Shoplifting in Southaven, Mississippi lands a man in prison for life, without the possibility of parole. 44-year-old Darnell Wilson will serve three life sentences in Mississippi handed down to him on Tuesday, June 22, 2010 by a DeSoto County judge. The ruling stems from an incident in August, 2009 in which Wilson was arrested after stealing $900 in merchandise from a Kohl’s department store in Southaven, MS, and subsequently led police on a pursuit into Tennessee, injuring an officer in the process.
The sentence seems harsh to some, but DeSoto County Assistant District Attorney, Smith Murphey disagrees, stating ” the life sentence is not only justified, it was long overdue.” Murphey says, “It’s not just shoplifting, the endangerment of hundreds of people on Goodman Road. Anybody who’s driven down Goodman at 5:00 on a Friday knows the traffic. And for anybody to go down that road at 80 miles an hour, it’s reckless. A willful disregard for the value of human life.”
A DeSoto County jury convicted Wilson of three felonies; grand larceny, fleeing and assault on an officer. Wilson now has 19 total arrests, and seven felony convictions. That’s why Murphey says, when Wilson stepped into Mississippi, he wasn’t about to let him leave, “Habitual criminals are not going to be tolerated and this is a prime example. Mr. Wilson was arrested 18 times in Tennessee, he was arrested one time in Mississippi. I think the message and lesson is clear; the criminals need to stay out of Mississippi.”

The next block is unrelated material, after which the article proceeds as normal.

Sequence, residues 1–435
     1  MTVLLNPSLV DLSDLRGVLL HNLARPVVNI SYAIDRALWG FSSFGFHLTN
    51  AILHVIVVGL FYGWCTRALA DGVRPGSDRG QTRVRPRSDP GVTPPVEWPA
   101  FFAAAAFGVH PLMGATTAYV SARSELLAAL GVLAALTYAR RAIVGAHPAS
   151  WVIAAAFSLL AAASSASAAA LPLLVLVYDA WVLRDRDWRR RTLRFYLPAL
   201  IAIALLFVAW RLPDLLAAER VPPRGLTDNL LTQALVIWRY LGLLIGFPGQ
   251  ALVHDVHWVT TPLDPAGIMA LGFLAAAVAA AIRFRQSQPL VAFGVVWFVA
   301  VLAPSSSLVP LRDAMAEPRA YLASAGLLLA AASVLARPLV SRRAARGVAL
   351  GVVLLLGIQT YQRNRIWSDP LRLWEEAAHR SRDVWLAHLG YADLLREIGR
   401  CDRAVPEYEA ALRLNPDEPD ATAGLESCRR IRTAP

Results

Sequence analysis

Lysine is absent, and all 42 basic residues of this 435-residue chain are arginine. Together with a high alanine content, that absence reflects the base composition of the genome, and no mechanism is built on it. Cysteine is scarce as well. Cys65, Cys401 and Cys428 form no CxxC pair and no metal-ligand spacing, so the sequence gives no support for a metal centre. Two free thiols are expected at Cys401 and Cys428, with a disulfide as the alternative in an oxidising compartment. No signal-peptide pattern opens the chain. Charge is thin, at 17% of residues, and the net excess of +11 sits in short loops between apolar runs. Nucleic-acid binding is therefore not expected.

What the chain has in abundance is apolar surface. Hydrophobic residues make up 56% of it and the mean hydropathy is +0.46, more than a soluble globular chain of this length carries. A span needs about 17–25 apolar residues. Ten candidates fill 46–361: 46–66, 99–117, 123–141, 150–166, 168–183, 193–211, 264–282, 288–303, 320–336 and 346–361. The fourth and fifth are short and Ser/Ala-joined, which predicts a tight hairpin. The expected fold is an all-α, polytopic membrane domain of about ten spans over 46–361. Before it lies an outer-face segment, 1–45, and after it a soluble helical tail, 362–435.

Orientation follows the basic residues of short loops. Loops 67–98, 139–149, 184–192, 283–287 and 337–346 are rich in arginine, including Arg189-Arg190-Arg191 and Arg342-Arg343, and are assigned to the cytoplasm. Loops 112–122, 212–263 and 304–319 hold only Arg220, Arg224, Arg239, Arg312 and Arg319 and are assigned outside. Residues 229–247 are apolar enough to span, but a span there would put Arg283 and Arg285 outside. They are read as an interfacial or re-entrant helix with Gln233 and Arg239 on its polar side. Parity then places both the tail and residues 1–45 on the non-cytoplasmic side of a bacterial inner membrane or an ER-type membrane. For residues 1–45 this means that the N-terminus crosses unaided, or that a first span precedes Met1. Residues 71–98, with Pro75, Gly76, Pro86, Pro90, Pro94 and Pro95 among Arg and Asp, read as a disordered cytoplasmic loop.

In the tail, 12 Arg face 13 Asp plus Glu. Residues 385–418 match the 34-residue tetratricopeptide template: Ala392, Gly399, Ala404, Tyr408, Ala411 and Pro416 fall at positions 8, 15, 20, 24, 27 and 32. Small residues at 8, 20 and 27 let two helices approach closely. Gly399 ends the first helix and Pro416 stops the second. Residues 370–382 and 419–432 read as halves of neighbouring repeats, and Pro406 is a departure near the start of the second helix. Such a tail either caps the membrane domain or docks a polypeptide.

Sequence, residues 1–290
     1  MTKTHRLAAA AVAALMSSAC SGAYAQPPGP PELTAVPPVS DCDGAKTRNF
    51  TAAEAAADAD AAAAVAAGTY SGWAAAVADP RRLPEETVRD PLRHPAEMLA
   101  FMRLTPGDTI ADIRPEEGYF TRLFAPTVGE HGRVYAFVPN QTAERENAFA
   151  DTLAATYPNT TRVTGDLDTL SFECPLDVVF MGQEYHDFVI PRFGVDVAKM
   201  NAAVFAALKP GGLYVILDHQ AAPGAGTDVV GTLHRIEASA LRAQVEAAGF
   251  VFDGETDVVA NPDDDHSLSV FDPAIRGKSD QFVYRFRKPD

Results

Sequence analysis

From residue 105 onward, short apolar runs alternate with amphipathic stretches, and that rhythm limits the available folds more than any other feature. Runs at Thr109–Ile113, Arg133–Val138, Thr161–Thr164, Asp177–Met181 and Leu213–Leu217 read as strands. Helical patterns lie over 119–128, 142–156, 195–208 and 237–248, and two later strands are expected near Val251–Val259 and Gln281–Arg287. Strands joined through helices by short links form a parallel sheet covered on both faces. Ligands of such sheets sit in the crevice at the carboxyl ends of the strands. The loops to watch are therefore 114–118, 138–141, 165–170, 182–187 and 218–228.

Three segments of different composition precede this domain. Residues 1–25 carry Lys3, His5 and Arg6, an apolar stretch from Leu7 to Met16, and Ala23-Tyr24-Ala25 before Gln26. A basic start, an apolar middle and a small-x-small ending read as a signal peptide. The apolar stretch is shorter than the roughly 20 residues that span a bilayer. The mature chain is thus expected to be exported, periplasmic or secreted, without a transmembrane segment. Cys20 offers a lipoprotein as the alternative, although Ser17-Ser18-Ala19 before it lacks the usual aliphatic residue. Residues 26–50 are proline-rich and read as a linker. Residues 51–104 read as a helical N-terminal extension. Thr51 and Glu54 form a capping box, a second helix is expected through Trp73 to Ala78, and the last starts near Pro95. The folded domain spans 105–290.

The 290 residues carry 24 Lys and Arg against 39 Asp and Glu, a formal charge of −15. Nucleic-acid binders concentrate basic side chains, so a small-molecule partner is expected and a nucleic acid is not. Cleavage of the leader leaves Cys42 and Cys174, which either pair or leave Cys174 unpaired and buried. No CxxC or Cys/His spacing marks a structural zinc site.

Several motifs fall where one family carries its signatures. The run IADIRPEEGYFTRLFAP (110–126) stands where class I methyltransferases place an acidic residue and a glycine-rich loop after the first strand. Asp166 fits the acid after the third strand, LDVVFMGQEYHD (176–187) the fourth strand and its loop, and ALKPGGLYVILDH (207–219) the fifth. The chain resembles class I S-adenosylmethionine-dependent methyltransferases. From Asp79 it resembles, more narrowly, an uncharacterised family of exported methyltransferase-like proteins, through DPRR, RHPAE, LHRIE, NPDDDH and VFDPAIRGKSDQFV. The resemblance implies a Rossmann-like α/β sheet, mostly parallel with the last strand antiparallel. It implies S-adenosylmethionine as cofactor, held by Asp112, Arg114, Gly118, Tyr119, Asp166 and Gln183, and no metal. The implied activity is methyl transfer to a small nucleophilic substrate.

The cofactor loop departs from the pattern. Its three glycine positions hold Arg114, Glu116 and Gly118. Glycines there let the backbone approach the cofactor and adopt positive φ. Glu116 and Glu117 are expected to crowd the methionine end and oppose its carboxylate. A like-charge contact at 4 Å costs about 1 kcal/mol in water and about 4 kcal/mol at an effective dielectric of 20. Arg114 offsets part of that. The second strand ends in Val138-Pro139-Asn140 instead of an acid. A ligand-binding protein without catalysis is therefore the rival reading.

In Mississippi, with two or more prior felonies, and at least one year in jail, a life sentence is actually mandatory by the court, unless a judge finds the sentence inappropriate. Although the severity of the penalties in this particular case may be subject to debate or disagreement, one thing is clear: Anyone who has been arrested for shoplifting in Mississippi should take the charges very seriously, and consult with a qualified Mississippi criminal defense attorney to aggressively defend your case. Though it may be an extreme example, Mr. Wilson’s case shows what can happen when arrests and convictions accumulate on a person’s record.
Reported by: Joy Lambert Email: [email protected] Print Story Published: 6/23